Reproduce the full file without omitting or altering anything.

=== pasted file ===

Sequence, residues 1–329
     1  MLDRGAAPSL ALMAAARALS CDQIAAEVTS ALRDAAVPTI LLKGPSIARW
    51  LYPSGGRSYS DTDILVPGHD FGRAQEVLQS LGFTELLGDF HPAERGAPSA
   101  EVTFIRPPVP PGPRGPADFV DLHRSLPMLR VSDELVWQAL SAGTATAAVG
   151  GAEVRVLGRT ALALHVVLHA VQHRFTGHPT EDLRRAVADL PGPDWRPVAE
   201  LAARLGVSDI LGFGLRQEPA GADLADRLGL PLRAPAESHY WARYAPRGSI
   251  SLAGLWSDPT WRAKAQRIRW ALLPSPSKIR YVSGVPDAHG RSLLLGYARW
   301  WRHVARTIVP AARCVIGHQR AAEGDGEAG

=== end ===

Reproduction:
Sequence, residues 1–329
     1  MLDRGAAPSL ALMAAARALS CDQIAAEVTS ALRDAAVPTI LLKGPSIARW
    51  LYPSGGRSYS DTDILVPGHD FGRAQEVLQS LGFTELLGDF HPAERGAPSA
   101  EVTFIRPPVP PGPRGPADFV DLHRSLPMLR VSDELVWQAL SAGTATAAVG
   151  GAEVRVLGRT ALALHVVLHA VQHRFTGHPT EDLRRAVADL PGPDWRPVAE
   201  LAARLGVSDI LGFGLRQEPA GADLADRLGL PLRAPAESHY WARYAPRGSI
   251  SLAGLWSDPT WRAKAQRIRW ALLPSPSKIR YVSGVPDAHG RSLLLGYARW
   301  WRHVARTIVP AARCVIGHQR AAEGDGEAG